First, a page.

thanx....

FIRST READ: General Information about Posting in the AVR Forum
http://www.avrfreaks.net/index.p...

ESPECIALLY THE LINK:
http://www.catb.org/~esr/faqs/sm...

After reading those, then start a new thread in the AVR Forum, not the tutorials forum, and give it an informative title like: "How to start with AVR?"

Wilbur

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:-D

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Hi,

I tried the short LED Toggling Programm on my CM-5 Atmega 128. But i don´t know which LED is mean with DDRG? Could i see this one on my CM-5 case?

Could you help me let my LED´s on CM-5 like AUX/TXD blink? :-)

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Added part eight - "Overflow as CTC". Writing PWM section now, just need to figure out the best way to go about it.

- Dean :twisted:

Make Atmel Studio better with my free extensions. Open source and feedback welcome!

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Thanks for the new year gift Dean.
Thanks a lot for ur dedicated work on even the new years eve.
i have a doubt.i simulated the code in part part five of ur tutorial in avrstudio.i am not able to see the counting in the tcnt registers.
is it so that the count is not visibile while using interrupts?

#include  
#include  

int main (void) 
{ 
   DDRB |= (1 << 0); // Set LED as output 

   TCCR1B |= (1 << WGM12); // Configure timer 1 for CTC mode 

   TIMSK |= (1 << OCIE1A); // Enable CTC interrupt 

   sei(); //  Enable global interrupts 

   OCR1A   = 15625; // Set CTC compare value to 1Hz at 1MHz AVR clock, with a prescaler of 64 

   TCCR1B |= ((1 << CS10) | (1 << CS11)); // Start timer at Fcpu/64 

   for (;;) 
   { 

   } 
} 

ISR(TIMER1_COMPA_vect) 
{ 
   PORTB ^= (1 << 0); // Toggle the LED 
} 
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Studio has a number of known issues when simulating timers, depending on the version. Check your version's help file -- see if there are any timer-related issues. It should indeed show the timer counting correctly.

- Dean :twisted:

Make Atmel Studio better with my free extensions. Open source and feedback welcome!

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thanks dean.

i was breaking my head over this.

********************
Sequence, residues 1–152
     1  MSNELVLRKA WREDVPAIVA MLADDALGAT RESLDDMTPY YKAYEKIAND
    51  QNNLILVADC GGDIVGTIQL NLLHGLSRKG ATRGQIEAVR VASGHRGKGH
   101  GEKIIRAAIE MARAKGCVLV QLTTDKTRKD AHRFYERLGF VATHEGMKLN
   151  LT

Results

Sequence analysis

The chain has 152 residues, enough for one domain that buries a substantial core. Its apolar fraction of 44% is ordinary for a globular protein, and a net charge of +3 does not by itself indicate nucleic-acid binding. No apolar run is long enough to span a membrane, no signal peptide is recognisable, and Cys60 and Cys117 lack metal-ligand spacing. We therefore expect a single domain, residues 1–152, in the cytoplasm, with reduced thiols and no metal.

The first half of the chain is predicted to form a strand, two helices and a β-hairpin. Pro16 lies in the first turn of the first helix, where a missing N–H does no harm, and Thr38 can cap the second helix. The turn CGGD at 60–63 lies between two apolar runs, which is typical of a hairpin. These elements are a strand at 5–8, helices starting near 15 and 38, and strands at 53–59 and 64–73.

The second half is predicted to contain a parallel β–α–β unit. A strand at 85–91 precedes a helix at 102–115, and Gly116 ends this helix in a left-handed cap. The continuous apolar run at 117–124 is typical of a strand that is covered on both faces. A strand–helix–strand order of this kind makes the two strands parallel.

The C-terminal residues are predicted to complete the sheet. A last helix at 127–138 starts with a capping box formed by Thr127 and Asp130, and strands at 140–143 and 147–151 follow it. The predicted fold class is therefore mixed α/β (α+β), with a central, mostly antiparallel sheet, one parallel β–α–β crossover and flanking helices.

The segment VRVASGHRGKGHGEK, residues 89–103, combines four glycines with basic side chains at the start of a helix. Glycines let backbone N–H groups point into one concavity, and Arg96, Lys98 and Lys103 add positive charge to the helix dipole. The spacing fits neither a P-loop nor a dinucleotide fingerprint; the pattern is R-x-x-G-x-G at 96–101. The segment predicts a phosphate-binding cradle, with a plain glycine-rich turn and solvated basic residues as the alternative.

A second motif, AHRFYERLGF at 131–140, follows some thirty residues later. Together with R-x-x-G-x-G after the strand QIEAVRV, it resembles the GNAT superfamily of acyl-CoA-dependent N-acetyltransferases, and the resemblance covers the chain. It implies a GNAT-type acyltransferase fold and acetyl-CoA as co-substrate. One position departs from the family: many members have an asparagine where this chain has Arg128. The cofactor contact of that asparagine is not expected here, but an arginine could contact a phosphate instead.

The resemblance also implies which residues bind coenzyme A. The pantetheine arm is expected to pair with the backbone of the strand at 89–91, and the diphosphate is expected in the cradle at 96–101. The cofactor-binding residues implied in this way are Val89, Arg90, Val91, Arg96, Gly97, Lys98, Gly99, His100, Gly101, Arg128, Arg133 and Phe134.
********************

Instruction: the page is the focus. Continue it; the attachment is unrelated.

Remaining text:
when i programmed mega16 with this code it worked properly.
only problem was with simulation.
i checked up the help page.there is a problem with tcnt buffering wen we use 16 bit timer.

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in part eight of ur tutorial you mentioned to use prescale of 64 and in the code you used prescale of 8.

Quote:
Let's go with the previous example in part two: a 1Hz flasher, using a 1MHz clock and a prescale of 64. We found the timer count to be 15625 for those conditions.

TCCR1B |= (1 << CS11); // Start timer at Fcpu/8 

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Fixed, copied the wrong code template. Thanks for the good bug-spotting.

- Dean :twisted:

Make Atmel Studio better with my free extensions. Open source and feedback welcome!

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hi
want to ask about the timer

Why I'm getting problem with the TIMSK? The code is like below using m169

//****************************************  
  TCCR1B = _BV(WGM12) + _BV(CS10);  // clear timer on compare match, no prescaler
  OCR1A  =  XTAL/DEBOUNCE;		   		// timer = 5 msec . 40000000/200 = 200000??
  TIMSK  = _BV(OCIE1A);            	// enable Output Compare 1 overflow interrupt
//****************************************

The error i always get is:

../bla.c:385: error: 'TIMSK' undeclared (first use in this function)
../bla.c:385: error: (Each undeclared identifier is reported only once
../bla.c:385: error: for each function it appears in.)

How i want to solve this?

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Shouldn't it be TIMSK1 instead of just TIMSK?

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You are not using a mega 16 I guess? Here is an answer to a similar question (from this thread actually):

Quote:
TIFR or TIFR1 depends on the AVR, Dean is writing for mega 16 where the register is shared between timers and is called TIFR.
/Lars

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I've been playing with the following code on an atmega168@18.432MHz.

#include  
#include  

int main (void) 
{ 
   DDRC |= (1 << 0); // Set LED as output on port c0


// Waveform generation bits - see table 14-8 on page 104 of datasheet atmega168
   TCCR0B |= (0 << WGM02); // Configure timer 0 for CTC mode 
   TCCR0A |= (1 << WGM01) | (0 << WGM00);


   TIMSK0 |= (1 << OCIE0A); // Enable CTC interrupt 

   sei(); //  Enable global interrupts 

   OCR0A   = 1; // Set CTC compare value 

   TCCR0B |= ((1 << CS00) | (0 << CS01) | (0 << CS02)); // Start timer at Fcpu/1 table 14-9

   for (;;) 
   { 

   } 
} 

ISR(TIMER0_COMPA_vect) 
{ 
  
   PORTC ^= (1 << 0); // Toggle the LED on port c0
   // sei(); 
//  if sei(); is omitted then the maximum freq is lower. 
//  Using a 18.432 MHz x-tal, the max freq is 236 kHz (no sei() - with sei() in isr: 368 kHz
} 

I would like to have a faster timer. Why is it so slow? Any idea what to do?

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Don't put the sei() in the ISR - the compiler takes care of that for you.

The ISR takes quite a few clock cycles to execute, about 9 just to get to it, plus a whole bunch more to execute your code, and the ISR overhead. 368KHz sounds about right for the maximum ISR speed.

You can do two things.

1) If your ISR is very basic, and has no side-effects, register or otherwise, you can make the ISR "naked" and ommit all the prologue and epilogue code. That'll speed it up, but will cause problems if your ISR tries to modify any of the registers or CPU flags.